If you’re going to market your business with email, you need to understand the two most important email marketing statistics: Open Rate and Click-Thru Rate. Open Rate is the percentage of subscribers that actually opened your message. Click-Thru Rate is the percentage of readers that click a link in your message.
Increasing Your Open Rate
Your Open Rate is impacted by 4 primary things: sender name, sender email, subject and history.
The sender name and email are typically the first things recipients look at to determined whether to save or delete the email. After that, they look at the subject line. If they recognize that and the subject line looks interesting, chances are they either save the message or open the message immediately.
The big thing is history though (for those recipients that this isn’t their first message). If past emails have been beneficial, they tend to open and read the message. If they haven’t, they either delete, mark as spam or unsubscribe.
In the end, your history with the recipient is the most important part in increasing open rates. And this starts from the very beginning (when they first subscribe).
You might be wondering about those that don’t open. Why don’t they just unsubscribe? Generally, email applications make it easier to delete than mark as spam or unsubscribe.
History & Your Click-Thru Rate
Once the recipient opens the message, click-thrus are generally the primary goal of email marketing.
Recipients click for a variety of reasons: they want more information, they want to buy/sign up for something or they’re curious about something in the message.
If you provide all of the information in your message, recipients have no need to click through. If the offer (call to action) isn’t compelling (to buy or sign up), they won’t click through. Sometimes it is as basic as the links don’t stand out or there aren’t enough links. Finally, the message content may be something they aren’t interested in so they don’t take further action.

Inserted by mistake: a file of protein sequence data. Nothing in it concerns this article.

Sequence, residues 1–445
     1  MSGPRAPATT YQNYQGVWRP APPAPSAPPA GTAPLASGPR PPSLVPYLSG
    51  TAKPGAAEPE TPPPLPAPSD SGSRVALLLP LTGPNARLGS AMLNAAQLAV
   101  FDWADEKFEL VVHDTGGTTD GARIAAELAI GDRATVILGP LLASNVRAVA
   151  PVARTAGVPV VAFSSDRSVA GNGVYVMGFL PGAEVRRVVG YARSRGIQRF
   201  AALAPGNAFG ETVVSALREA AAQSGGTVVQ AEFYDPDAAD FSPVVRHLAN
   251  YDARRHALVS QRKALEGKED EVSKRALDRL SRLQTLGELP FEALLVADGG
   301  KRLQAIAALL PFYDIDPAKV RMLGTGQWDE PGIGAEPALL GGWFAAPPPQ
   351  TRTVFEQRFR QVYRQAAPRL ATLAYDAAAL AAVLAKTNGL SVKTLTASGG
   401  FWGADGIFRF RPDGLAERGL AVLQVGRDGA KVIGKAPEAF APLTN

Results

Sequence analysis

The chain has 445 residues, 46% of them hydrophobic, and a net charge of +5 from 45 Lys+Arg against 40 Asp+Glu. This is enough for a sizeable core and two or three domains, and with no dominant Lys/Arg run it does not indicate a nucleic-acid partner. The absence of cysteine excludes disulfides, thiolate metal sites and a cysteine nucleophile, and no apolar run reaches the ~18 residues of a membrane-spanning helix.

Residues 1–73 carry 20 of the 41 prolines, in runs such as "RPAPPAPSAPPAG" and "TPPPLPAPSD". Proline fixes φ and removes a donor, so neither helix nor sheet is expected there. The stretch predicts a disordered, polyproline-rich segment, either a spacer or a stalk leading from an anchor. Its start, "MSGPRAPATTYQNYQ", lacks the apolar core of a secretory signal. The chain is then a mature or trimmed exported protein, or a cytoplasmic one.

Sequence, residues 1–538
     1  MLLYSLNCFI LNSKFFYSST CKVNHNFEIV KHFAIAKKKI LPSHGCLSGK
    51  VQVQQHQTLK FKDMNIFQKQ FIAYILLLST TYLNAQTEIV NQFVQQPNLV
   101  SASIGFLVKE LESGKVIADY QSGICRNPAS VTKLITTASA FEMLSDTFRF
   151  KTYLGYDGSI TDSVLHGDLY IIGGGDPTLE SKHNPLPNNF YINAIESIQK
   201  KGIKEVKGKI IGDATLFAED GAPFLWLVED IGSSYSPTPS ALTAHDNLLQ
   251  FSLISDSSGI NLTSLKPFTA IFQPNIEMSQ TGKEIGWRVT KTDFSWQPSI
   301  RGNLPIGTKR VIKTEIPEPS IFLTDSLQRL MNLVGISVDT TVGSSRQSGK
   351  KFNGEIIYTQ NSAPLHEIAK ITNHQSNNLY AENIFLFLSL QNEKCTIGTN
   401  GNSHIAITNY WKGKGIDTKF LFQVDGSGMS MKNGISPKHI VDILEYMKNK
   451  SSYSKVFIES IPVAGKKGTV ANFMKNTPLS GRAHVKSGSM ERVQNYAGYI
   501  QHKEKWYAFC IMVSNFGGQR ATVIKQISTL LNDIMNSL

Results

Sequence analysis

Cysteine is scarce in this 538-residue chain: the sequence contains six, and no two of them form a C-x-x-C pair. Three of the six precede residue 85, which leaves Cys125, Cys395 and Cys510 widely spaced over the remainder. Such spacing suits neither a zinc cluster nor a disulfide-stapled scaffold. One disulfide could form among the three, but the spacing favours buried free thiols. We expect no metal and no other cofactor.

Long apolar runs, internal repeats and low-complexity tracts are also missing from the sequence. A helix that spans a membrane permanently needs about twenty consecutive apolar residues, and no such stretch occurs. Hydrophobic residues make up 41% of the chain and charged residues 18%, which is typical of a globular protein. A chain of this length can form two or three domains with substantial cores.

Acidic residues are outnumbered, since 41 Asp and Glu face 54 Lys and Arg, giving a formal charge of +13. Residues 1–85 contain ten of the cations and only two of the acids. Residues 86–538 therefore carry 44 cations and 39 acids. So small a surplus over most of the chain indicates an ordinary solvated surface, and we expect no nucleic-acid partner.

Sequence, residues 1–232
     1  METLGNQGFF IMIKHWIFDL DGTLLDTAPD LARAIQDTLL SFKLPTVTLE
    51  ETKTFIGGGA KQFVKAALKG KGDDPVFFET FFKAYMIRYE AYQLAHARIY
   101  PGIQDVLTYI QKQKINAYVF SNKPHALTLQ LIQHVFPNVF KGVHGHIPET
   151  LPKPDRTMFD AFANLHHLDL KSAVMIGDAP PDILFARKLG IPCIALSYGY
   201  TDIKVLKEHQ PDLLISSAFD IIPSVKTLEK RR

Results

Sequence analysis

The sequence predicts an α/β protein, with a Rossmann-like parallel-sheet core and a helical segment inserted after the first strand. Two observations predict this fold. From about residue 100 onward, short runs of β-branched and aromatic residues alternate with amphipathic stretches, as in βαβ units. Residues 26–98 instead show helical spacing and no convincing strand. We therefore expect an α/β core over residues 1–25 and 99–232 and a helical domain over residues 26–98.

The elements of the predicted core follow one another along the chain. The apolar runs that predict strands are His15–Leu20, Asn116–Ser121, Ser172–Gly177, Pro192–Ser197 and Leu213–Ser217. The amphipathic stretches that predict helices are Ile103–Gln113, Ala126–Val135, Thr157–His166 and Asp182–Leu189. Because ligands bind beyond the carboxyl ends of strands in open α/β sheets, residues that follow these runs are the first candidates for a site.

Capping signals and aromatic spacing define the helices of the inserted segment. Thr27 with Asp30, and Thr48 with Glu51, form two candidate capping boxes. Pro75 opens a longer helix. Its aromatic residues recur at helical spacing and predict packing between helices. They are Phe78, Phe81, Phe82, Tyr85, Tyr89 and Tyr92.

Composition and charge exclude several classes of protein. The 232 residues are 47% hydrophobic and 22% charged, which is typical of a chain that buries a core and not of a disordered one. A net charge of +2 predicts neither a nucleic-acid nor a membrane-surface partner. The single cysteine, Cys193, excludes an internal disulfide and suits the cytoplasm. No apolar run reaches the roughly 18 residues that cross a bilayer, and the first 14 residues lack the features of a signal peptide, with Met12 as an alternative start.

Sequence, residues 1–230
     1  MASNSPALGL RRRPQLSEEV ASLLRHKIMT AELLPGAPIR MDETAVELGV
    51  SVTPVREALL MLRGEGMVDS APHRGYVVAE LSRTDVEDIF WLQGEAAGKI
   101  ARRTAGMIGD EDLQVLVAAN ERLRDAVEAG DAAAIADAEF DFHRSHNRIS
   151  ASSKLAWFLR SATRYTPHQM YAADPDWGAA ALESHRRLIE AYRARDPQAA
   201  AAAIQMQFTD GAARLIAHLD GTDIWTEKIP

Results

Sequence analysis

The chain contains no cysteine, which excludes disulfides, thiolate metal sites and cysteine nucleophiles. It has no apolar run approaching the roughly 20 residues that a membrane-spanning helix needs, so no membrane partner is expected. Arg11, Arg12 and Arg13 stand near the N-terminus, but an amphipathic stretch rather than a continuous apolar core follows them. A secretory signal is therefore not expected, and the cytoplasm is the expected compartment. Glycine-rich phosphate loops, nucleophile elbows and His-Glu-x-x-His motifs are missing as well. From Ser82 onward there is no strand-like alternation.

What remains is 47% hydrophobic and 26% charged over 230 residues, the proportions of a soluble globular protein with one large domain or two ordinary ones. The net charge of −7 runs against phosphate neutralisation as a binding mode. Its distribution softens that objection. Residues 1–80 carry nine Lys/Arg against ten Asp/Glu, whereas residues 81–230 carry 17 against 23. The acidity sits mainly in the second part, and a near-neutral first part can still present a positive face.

Again, history is important in generating click-thrus. If past history tells the recipient that clicking the links doesn’t provide additional information, they generally won’t click. If past messages have few if any links, their mindset may be to just read the message.
If the goal is click-thrus, you have to give recipients a reason to click or take some action. If you don’t, they won’t. It really is that simple.
If the goal is to provide information, promote the brand, create awareness for an upcoming promotion, etc. (most TV commercials for example), then the copy should be geared toward doing that and not generating click-thrus.
What Else Matters?
Another thing is consistency in delivery times and the overall look and feel of the message. These two things impact opens and clicks. If recipients normally receive your message at 10 a.m. on Tuesday each week and you then send a message on Friday at 4 p.m., it is going to throw them off. Alternatively, if the message looks different every time, they may not know what they are looking at, not know where to find their favorite content or just not recognize the message and not read further or click.
Who Are Your Subscribers?
In general, open rates and click-thrus are directly related to your subscriber lists. Are the recipients in your target audience? If they aren’t in your target audience, no amount of changes in the messaging will improve the numbers.
Some Key Stats
Check out this article on Campaign Monitor on industry benchmarks
The bottom line? To improve the effectiveness of your email marketing, first look at your subscribers and then move on to improving open rates and click-thrus using the ideas outlined above.